This example illustrates the reproducible nature of the reaction of aluminum cation and ethylhexanoate anion over a range of solution compositions.
A stock solution of aluminum cation, Al+3, was prepared by dissolving 3.006 g of aluminum nitrate nonahydrate (Al(NO3)3.9H2 O) in 147.5 g of deionized water. Five additional mixtures were prepared by adding aliquots of a modified Havoline Extended Life AntiFreeze/Coolant (Coolant A) to the aluminum stock solutions and diluting with deionized water. The Coolant A formulation used in this example was identical to the commercially available Havoline Extended Life Antifreeze/coolant available from Texaco Lubricant Company except that it did not contain any antifoamant and dye components. Coolant A was formulated with ethylhexanoic acid which converted in situ in the presence of the potassium hydroxide component to form potassium ethylhexanoate, the active corrosion inhibitor. The partial composition of Coolant A is set forth in Table 1 as follows:
TABLE 1______________________________________Coolant A CompositionComponent Amount, Weight %______________________________________potassium ethylhexanoate 3.26*dye --antifoamant --______________________________________ *As ethylhexanoic acid; present in ethylene glycol.
The overall composition of the Aluminum-Coolant A mixtures are as follows:
TABLE 2______________________________________Aluminum-Coolant A Mixtures Weight of Weight of Al Stock Weight of DeionizedMixture No. Solutions, (g) Coolant A, (g) Water, (g)______________________________________1 20.0 9.5 20.52 20.0 7.6 22.43 20.0 6.7 23.44 20.0 5.7 24.35 20.1 4.8 25.3______________________________________
For all five mixtures, an aluminum-ethylhexanoate precipitate was observed to have formed. All of the mixtures were then filtered to remove the precipitate and were analyzed for aluminum and ethylhexanoate content. Table 2 summarizes the elemental compositions of each aluminum-ethylhexanoate solution as calculated based on components added (initial composition) and as measured by analysis following the aluminum cation (Al) and ethylhexanoate anion (EH) reaction (final composition).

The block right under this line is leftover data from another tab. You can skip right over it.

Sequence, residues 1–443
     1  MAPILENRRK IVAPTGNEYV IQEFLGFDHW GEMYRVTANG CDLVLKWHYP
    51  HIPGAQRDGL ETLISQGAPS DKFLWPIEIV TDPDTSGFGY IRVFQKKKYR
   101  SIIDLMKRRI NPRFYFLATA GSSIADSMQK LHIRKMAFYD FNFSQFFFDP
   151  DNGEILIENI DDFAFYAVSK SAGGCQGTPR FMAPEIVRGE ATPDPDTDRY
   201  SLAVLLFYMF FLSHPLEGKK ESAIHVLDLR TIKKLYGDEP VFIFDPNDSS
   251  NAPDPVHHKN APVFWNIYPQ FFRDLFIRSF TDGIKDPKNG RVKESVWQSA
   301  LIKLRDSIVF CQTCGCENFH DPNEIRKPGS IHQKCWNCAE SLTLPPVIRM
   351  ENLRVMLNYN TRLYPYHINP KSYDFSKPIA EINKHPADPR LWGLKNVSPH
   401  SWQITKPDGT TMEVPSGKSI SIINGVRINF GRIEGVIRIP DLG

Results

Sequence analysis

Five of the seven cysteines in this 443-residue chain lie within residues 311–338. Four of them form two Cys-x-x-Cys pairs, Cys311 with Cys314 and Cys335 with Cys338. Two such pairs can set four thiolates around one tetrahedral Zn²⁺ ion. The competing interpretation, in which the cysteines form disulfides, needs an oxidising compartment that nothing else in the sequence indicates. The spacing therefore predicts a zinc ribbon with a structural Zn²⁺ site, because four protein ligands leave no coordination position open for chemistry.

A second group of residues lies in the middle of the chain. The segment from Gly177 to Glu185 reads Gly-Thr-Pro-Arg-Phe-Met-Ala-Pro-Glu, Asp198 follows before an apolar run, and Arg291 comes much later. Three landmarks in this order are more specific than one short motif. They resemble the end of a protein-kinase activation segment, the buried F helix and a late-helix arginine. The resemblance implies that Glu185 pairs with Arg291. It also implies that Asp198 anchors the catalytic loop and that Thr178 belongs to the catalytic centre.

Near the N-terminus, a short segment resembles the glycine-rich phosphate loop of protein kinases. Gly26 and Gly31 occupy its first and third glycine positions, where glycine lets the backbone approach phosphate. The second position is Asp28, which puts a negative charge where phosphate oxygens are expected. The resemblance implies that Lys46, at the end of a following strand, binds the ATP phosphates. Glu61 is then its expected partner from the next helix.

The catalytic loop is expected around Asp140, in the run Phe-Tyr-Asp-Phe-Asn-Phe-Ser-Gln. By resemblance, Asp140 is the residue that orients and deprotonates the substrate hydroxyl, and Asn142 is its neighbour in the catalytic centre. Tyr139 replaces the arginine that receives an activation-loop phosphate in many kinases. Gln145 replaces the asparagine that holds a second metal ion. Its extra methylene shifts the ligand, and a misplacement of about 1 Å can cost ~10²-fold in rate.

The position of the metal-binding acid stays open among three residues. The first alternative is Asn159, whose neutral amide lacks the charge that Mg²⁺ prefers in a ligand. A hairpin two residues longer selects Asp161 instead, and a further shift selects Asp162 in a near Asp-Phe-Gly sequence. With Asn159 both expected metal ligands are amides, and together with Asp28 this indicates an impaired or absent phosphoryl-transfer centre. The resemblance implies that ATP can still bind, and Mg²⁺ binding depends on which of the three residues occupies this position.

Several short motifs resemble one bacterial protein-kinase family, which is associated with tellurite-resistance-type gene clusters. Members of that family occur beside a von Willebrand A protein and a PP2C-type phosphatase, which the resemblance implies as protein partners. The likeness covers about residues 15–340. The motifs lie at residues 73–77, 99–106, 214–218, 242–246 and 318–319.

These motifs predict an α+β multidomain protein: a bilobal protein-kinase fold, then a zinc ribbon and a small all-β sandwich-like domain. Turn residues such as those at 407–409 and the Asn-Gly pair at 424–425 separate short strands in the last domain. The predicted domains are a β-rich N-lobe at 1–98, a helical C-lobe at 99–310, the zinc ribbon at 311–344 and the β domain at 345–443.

TABLE 3______________________________________Aluminum and Ethylhexanoate Concentrations(moles/liter) Before and After Reaction and Filtration Change MoleSolu-Initial Initial Final Final Change Change Ratiotion Al EH Al EH in Al in EH EH/Al______________________________________1 0.0213 0.0428 0 <0.007 0.0213 >0.0358 >1.672 0.0213 0.0341 0.00204 0 0.01926 0.0341 1.7713 0.0213 0.0298 0.00407 0 0.01723 0.0298 1.734 0.0213 0.0256 0.00641 0 0.01489 0.0256 1.725 0.0213 0.0213 0.00930 0 0.012 0.0213 1.775______________________________________
From the results listed in Table 3, it is shown that the amount of ethylhexanoate anion that reacts with aluminum cation is constant as indicated by the change in molar ratio EH/Al and averages about 1.75 moles of ethylhexanoate anion consumed for every mole of aluminum cation consumed for Solution Nos. 2-5. For Solution No. 1, the EH concentration was too low for accurate measurement. Thus, over a wide range of coolant concentrations the stoichiometry of aluminum and EH reaction remain constant.